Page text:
Report – Medication Overload: How the Drive to Prescribe Is Harming Older Americans

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From the Lown Institute: “The United States is in the grips of an unseen epidemic of harm from the excessive prescribing of medications. If nothing is done to change current practices, medication overload will lead to the premature deaths of 150,000 older Americans over the next decade and reduce the quality of life for millions more.

Focusing on reducing inappropriate or unnecessary medications could save as much as $62 billion over the next decade in unnecessary hospitalization for older adults alone.

Scope of Medication Overload

Every day, 750 older people living in the United States (age 65 and older) are hospitalized due to serious side effects from one or more medications. Over the last decade, older people sought medical treatment more than 35 million times for adverse drug events, and there were more than 2 million hospital admissions.

The prescribing of multiple medications to individual patients (called ‘polypharmacy’ in the scientific literature) has reached epidemic proportions. More than four in ten older adults take five or more prescription medications a day, an increase of 300 percent over the past two decades. Nearly 20 percent take ten drugs or more.”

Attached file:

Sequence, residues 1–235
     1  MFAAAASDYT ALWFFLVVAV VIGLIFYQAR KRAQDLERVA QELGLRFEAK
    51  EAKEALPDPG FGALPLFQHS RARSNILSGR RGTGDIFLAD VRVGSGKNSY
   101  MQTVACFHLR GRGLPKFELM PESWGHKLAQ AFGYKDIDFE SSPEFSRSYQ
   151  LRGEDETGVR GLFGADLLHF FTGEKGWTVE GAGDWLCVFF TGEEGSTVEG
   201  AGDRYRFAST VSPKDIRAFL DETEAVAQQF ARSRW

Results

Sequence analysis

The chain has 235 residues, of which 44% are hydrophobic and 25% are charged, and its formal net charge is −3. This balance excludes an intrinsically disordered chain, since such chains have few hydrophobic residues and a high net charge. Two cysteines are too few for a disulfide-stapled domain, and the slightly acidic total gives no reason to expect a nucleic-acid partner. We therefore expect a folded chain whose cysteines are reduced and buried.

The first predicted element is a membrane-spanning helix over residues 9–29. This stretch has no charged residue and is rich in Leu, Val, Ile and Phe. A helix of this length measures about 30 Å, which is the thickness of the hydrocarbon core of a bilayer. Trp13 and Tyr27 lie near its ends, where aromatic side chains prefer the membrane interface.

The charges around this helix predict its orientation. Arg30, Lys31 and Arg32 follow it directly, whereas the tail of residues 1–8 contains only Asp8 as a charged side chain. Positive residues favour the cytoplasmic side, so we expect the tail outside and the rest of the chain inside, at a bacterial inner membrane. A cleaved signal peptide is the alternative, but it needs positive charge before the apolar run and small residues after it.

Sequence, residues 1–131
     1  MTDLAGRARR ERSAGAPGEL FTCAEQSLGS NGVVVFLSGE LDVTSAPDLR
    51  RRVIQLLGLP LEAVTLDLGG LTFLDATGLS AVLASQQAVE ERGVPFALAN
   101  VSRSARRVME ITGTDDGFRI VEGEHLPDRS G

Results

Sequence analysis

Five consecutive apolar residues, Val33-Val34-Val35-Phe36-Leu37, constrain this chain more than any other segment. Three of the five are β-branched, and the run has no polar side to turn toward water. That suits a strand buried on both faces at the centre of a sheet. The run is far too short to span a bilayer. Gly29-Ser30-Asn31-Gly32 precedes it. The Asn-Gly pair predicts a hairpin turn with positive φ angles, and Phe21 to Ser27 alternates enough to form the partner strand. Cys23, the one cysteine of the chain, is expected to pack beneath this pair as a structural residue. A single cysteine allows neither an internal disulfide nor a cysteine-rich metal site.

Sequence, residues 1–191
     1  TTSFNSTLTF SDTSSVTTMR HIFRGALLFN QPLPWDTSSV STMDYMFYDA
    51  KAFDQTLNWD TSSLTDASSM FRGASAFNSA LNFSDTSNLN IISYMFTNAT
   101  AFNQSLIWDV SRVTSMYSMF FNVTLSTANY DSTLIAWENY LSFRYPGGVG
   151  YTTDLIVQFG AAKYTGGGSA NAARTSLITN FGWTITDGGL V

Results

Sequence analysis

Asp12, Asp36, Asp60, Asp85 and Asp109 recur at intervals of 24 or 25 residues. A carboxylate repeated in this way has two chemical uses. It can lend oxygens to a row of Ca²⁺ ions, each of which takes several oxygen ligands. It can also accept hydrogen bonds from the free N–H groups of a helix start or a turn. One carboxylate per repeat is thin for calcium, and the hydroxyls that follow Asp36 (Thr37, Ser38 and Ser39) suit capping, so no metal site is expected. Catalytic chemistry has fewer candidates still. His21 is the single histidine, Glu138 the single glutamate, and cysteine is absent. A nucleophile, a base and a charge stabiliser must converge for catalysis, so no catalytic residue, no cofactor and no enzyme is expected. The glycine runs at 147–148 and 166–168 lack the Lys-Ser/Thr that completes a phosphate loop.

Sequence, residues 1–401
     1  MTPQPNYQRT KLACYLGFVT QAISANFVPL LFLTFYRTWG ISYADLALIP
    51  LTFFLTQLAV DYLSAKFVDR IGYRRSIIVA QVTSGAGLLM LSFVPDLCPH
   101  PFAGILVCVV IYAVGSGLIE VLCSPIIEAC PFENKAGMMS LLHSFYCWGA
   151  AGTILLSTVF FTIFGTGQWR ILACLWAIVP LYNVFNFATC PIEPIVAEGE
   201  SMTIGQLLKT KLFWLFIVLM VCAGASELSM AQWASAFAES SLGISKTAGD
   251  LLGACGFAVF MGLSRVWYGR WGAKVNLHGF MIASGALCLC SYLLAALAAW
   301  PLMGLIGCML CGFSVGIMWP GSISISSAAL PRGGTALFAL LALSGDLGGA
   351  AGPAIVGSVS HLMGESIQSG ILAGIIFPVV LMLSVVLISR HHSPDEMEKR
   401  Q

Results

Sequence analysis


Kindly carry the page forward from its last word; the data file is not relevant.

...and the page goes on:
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3 COMMENTS

  1. This came out in 1999, I think.

    http://www.webdc.com/pdfs/deathbymedicine.pdf

    It starts:

    “This fully referenced report shows the number of people having in-hospital, adverse reactions to prescribed drugs to be 2.2 million per year. The number of unnecessary antibiotics prescribed annually for viral infections is 20 million per year. The number of unnecessary medical and surgical procedures performed annually is 7.5 million per year. The number of people exposed to unnecessary hospitalization annually is 8.9 million per year.
    The most stunning statistic, however, is that the total number of deaths caused by conventional medicine is an astounding 783,936 per year. It is now evident that the American medical system is the leading cause of death and injury in the US.”

    But the medical industry keeps getting worse and worse, instead of better, no doubt due to greed. I guess it’s good people are talking about it, but how many decades until real change occurs? It’s the system that’s the problem. We need to somehow change medicine into an industry that only gets paid if they make people better, and end the medical system that financially encourages doctors to make people sick for profit.

  2. Not anti-allopathy. BUT…when we consider how every medicine works by overriding basic bodily systems (except for supplements) shouldn’t more doctors practice minimalism in how they prescribe things?

    At least with antibiotics you only take them for 10 days. But when it comes to long term drugs, physicians should be especially careful.